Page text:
As the organs of power retreat into the protective shell of the security state, radical art, at least offers a way to act that doesn’t necessarily require direct confrontation with evasive or masked power. It is, however, a way to act that obviously runs the risk of standing in the way of more radical direct action. What, then, defines the terms of engagement for the deployment of our Creative capacity as a successful means of Resistance? Dr. Thomas Stanley will host a series of duologs and performances with the aim of exposing and consolidating the power of artists as catalysts for deep structural change. Through the discussion and interaction it is hoped that Stanley, his guests and the audiences assembled, will drill into questions like: How can artistic practice be economically sustainable and maintain its integrity as resistance? Where do we aim this thing – is our audience always our “target”? Which institutions are useful? Which institutions are soul-sucking parasites? What, of the work itself? Must it be propaganda to be political – to be active or activism? Stanley will sit down, talk, and make art with creators who are already friends and allies, men and women for whom there is no need to develop a common vernacular. These conversations should, therefore, start and end on a very high level.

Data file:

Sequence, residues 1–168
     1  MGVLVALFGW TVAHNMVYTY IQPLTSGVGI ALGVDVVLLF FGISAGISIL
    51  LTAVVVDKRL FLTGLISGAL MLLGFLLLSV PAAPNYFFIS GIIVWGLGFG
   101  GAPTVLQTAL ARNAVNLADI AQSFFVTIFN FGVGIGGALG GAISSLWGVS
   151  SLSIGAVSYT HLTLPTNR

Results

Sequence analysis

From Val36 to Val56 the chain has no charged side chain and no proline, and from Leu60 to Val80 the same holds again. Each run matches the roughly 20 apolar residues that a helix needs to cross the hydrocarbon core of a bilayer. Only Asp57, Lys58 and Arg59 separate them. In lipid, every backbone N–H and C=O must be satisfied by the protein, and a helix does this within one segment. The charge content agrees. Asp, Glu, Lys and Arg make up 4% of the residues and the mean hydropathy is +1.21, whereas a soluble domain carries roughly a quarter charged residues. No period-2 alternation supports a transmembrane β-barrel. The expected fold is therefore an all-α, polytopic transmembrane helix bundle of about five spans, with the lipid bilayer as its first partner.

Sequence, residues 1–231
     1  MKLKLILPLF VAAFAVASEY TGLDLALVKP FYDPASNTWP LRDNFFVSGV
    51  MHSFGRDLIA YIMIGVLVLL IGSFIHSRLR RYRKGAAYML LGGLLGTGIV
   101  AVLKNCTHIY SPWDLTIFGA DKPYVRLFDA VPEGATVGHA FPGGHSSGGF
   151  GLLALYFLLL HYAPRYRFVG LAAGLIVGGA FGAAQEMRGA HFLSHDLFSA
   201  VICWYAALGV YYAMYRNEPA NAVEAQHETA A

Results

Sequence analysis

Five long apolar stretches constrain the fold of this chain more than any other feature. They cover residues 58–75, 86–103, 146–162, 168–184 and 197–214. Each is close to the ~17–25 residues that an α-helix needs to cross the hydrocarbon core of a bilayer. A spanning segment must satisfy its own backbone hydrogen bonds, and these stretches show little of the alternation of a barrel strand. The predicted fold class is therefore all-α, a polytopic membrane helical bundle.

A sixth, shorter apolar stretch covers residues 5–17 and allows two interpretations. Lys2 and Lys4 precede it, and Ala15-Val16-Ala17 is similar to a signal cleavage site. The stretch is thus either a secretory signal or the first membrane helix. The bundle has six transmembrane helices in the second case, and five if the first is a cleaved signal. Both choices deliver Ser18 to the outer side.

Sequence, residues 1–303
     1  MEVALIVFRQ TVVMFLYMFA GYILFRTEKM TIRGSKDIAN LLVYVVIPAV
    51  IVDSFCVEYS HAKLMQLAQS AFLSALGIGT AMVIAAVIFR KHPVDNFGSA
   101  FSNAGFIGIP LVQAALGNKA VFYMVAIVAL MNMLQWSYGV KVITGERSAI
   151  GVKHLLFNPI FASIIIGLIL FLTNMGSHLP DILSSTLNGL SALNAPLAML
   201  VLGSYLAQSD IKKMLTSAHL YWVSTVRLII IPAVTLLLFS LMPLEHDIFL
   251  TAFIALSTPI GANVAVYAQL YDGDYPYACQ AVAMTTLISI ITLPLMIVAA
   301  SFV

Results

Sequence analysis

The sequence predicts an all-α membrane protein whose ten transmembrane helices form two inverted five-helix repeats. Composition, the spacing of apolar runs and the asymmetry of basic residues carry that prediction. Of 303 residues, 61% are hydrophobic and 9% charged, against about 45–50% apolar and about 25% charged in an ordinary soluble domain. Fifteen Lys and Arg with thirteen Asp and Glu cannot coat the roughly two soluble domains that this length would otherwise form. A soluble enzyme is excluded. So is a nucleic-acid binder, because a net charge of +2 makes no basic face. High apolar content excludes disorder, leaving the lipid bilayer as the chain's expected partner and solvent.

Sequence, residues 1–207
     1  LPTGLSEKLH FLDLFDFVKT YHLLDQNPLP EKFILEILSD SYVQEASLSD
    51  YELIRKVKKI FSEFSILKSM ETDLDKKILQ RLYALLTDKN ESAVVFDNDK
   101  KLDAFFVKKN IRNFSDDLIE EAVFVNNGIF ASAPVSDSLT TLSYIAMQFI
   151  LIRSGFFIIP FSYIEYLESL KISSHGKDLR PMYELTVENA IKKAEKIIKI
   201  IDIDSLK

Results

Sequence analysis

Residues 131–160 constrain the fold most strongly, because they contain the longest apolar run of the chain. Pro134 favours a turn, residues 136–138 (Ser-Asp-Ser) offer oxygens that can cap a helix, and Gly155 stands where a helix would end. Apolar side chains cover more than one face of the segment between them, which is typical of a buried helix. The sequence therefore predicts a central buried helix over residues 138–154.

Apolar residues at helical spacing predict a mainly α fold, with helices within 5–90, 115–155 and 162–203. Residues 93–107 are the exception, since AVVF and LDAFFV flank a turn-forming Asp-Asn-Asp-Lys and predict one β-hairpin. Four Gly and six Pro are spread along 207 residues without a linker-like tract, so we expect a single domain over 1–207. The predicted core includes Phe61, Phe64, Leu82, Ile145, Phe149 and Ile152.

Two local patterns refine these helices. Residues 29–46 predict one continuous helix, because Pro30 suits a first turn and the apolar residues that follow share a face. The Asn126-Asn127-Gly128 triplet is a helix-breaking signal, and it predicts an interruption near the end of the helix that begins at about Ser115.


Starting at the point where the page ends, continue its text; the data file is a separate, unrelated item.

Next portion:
Sunday, October 29, 8:00-10:00pm .::. Suns of Ra @ Rhizome, 6950 Maple St NW, Washington, District of Columbia 20012. .::. Jamal Moore was born in East Baltimore and raised in West Baltimore's Edmondson Village area, a place that has produced other homegrown talents such as saxophonist Antonio Hart and trumpeter Wendell Shepherd. Moore initially took up percussion, studying under Warren Wolf Sr. Moore's dad was a jazz lover, and hearing John Coltrane, Pharoah Sanders, and Ornette Coleman around the house made Moore want to play saxophone. He moved to the clarinet in fourth grade—when schools still had music programs—excelled at it, and then spent two years at Peabody Preparatory. He finally got to pick up the sax after he entered West Baltimore Middle School, where band director Betty T. McCloud both pushed and inspired him. In his Ancestral Duo collaboration with bassist Luke Stewart, Moore explores expansive, abstract excursions that involve shifting electronic textures, but even in such inky noise pools Moore's saxophone cuts an emotive path. Moore, Stewart, and Stanley have played together frequently as a trio. Moore labelled his collaboration with Bushmeat Sound, "Suns of Ra" as a recognition of both artists' inspirational ties to the Mystery Schools of ancient Kemet and AstroBlack vanguard artist Sun Ra. It'll be Khepera rising in the swelling roar of Joy and Justice at Rhizome. Vegan "Bushmeat" Stew will be served. Bring your own bowl and bread.